I Believe Things Should Work Properly

Nature at work. Properly.

Miles run yesterday: 8

Surgeons visited with a friend: 2

Wheelchairs pushed yesterday: 1

I have a strong belief in order in the universe: appliances should function, and bodies should never break down in any manner.

I also think people should be nice to each other. Every now and then, that doesn’t work out so well for me; being optimistic has its down side.

Yesterday, I spent the afternoon with a friend who recently had surgery. She was still on pain meds and crutches, so she needed someone to drive her to her post-op appointment.

I do things like this, not because I am a super-kind person, but because I am horrible at dealing with sickness and hospitals and saying the right thing and being supportive when people are less than healthy. I view my tiny acts as a kind of penance. I need to make up for my ineffectiveness as a friend and human being.

One time when I was in high school, I talked to my grandmother about it. I told her I wasn’t great at dealing with illness.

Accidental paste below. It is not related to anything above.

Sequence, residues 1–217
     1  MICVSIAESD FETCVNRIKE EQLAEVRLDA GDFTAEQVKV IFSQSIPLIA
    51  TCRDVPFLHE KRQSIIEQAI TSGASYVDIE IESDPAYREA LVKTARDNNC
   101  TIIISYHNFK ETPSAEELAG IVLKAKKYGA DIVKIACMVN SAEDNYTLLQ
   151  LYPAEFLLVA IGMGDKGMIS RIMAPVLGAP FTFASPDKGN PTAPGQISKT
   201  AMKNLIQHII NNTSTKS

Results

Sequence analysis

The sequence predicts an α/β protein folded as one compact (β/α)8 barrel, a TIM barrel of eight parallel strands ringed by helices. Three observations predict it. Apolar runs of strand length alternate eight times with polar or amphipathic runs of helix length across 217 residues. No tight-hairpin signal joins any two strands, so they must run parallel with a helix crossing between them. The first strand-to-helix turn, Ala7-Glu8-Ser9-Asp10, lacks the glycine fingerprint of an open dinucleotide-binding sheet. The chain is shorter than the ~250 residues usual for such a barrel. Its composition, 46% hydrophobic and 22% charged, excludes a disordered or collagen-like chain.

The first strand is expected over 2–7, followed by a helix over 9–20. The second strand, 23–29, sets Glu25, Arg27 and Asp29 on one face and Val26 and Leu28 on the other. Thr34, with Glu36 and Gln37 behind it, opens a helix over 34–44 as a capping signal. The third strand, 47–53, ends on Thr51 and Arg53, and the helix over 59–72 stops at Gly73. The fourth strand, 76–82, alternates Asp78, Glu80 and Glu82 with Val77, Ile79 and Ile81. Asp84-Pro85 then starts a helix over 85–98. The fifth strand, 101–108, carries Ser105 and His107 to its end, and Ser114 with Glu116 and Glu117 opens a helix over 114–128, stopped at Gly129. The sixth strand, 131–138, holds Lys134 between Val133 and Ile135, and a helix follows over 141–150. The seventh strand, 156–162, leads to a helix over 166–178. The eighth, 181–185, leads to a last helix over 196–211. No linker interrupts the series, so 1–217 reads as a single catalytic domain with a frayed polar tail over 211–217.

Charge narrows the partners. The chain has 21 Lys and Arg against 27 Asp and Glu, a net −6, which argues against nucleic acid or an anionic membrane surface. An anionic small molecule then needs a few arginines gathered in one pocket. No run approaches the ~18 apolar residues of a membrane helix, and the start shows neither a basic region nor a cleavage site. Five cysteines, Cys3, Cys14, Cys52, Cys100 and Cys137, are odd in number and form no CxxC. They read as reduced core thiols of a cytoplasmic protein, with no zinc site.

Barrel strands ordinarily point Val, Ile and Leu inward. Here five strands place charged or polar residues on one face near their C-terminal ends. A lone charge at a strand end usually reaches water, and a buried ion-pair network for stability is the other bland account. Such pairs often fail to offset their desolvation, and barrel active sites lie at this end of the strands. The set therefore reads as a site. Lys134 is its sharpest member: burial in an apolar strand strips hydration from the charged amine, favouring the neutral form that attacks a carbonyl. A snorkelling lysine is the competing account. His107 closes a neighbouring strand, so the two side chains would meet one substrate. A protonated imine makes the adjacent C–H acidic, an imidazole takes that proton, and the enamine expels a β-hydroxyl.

She looked at me, narrowed her eyes, and said, “I hate sick people.” And we laughed.

Already, she was facing friends who were dying and family members whose bodies were failing in one way or another. And we both knew that we stunk as patients; possibly, we were worse as caregivers.

This spring, I have volunteered to help out in the only way I am equipped to do so: driving people to medical appointments.

Here’s what I spotted on my medical journey by proxy:

1. A daycare center playground mere yards from the exit at an infertility clinic. That, and the clinic stocks “Baby & Toddler Guides” in its waiting room.

2. Wheelchairs provided at a surgical clinic, but elevators and doorways built exactly the width of the wheelchair.

3. When my friend had two doctor appointments in the same building, she was the one who had to undress, get examined, re-dress and carry her crutches and wheelchair to another clinic. I saw the doctors; we might have gone out for a run together afterwards… Should the least mobile person in the party be the one asked to climb Everest?

4. Check-in times at the front desk rivaled the time it took me to complete the SAT. This was a person the surgeons operated on only last week; did they lose her paperwork? Or were they collecting details in case they chose to write a novel about her in the future? Either way, she was on crutches.

And now, the things I have learned about myself:

1. I am the opposite of patient.

2. I need snacks.

3. I take back what I said in my post the other day: I don’t invent reasons to drink at two in the afternoon unless I am sitting in a waiting room. There, I fantasize about turning the space into a swanky cocktail hour. Think about what we could do with wheelchairs if the desk staff served martinis and pinot noir.